It's a moment from the Mexican War, a war that young Lieutenant Grant thought (appropriately, it seems at this distance) was unjust, but in which he offered valuable service nonetheless, while also learning many lessons that would help him in the Civil War. The U.S. forces under Old Rough and Ready, Zachary Taylor, had moved into the outskirts of Monterrey and were beginning to squeeze the Mexican army that was holed up in the city's central plaza. After a day of heavy fighting, ammunition began to run low--and from here, I'll let Jean Edward Smith, whose captivating bio of Grant I'm currently reading, tell the story:
The brigade urgently needed to be resupplied, but sending a messenger back to division headquarters would be hazardous. Mexican musket fire raked every intersection and the air was filled with grape shot. Colonel Garland called for a volunteer. Grant said he would go. Like a trick rider in a rodeo, he hooked one foot around the cantle of his saddle, one arm around the neck of his horse, Nelly, and with his body clinging to the sheltered side, galloped away at full speed. "It was only at street crossings that my horse came under fire, but these I crossed at such a flying rate that generally I was past and under cover of the next block of houses before the enemy fired."Horse and rider reached headquarters safely, and Grant, according to friends, responded to praise with his typical modesty, appearing "to look upon Nelly's conduct as more courageous than his own."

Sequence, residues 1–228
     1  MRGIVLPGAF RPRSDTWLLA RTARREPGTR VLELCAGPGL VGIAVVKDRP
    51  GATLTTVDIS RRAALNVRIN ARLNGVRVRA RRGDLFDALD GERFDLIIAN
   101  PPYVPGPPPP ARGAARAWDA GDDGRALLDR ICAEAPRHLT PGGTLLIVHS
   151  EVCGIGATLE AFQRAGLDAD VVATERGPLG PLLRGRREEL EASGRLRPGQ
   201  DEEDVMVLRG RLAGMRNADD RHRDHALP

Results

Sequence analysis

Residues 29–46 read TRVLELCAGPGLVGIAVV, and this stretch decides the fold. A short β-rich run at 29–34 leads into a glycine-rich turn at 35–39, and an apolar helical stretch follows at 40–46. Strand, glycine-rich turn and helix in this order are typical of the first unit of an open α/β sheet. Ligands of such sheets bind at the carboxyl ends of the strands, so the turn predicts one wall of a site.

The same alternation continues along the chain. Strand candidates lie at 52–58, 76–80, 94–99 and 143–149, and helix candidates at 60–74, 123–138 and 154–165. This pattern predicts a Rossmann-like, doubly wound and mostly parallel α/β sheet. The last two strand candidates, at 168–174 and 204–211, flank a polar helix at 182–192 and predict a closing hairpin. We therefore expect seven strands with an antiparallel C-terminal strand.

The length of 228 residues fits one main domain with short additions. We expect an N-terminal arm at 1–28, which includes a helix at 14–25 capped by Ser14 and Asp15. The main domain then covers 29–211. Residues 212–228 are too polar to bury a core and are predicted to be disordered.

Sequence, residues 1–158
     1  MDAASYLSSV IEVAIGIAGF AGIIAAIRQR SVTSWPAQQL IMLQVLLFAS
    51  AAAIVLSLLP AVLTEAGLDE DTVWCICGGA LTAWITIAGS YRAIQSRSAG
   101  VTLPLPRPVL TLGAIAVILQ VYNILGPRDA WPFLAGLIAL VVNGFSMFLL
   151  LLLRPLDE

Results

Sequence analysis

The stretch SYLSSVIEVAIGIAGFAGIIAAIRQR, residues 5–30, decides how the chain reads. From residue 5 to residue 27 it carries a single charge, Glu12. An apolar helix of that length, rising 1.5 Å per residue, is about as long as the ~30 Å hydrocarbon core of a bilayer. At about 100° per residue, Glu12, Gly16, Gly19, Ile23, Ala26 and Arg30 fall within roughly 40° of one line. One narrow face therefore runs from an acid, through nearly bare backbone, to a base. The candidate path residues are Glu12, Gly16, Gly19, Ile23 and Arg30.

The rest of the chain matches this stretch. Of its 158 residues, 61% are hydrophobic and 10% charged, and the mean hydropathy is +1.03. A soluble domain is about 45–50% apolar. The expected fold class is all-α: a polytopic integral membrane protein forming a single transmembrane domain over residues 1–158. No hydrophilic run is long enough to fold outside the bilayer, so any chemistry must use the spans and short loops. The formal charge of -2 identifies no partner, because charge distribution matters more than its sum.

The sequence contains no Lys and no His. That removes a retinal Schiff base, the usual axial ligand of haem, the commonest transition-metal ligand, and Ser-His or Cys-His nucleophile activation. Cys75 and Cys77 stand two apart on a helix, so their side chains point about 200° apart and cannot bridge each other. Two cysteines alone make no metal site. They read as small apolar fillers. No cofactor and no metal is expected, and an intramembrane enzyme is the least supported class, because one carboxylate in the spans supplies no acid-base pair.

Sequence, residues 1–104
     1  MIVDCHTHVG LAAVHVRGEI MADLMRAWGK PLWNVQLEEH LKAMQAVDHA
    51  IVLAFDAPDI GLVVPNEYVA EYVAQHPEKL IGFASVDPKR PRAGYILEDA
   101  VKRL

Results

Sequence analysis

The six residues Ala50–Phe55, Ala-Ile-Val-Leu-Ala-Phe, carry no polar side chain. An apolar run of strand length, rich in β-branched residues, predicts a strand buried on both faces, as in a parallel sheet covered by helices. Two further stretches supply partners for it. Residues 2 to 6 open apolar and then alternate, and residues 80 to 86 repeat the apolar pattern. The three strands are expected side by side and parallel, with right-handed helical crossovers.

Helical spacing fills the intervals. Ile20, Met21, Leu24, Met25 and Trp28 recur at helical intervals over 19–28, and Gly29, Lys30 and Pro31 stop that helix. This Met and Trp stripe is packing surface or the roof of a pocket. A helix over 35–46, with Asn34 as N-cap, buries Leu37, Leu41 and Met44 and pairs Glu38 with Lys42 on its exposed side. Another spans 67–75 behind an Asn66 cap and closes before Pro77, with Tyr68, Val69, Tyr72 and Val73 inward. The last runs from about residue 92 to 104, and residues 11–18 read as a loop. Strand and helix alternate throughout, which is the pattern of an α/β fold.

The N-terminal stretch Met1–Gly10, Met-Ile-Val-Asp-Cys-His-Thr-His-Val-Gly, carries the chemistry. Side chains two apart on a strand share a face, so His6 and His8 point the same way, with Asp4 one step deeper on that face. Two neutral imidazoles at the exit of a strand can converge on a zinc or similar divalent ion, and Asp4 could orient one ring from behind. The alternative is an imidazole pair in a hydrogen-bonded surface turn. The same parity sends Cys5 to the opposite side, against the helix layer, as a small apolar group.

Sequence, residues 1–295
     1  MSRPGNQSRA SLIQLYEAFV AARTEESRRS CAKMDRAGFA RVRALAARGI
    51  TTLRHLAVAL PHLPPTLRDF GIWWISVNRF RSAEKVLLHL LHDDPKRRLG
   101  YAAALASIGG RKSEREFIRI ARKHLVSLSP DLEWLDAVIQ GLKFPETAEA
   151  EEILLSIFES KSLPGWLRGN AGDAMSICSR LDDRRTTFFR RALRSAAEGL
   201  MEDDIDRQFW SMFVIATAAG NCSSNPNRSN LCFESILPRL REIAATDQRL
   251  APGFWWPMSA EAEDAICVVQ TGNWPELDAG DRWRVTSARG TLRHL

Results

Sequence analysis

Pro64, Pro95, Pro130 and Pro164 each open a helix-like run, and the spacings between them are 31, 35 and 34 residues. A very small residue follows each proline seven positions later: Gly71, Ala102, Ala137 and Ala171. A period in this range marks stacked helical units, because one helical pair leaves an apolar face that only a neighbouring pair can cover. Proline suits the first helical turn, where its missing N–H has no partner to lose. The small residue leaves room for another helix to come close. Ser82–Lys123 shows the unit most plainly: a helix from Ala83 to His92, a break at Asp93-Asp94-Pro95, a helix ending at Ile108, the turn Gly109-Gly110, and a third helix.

What neither this account, nor Grant's own in his memoirs, is able to tell us is how the officers and soldiers around Grant reacted when they saw how he'd decided to approach his mission. Even knowing, as they surely did by then, what an uncannily great horseman Grant was, could they have reacted in any way other than by dropping their jaws and staring?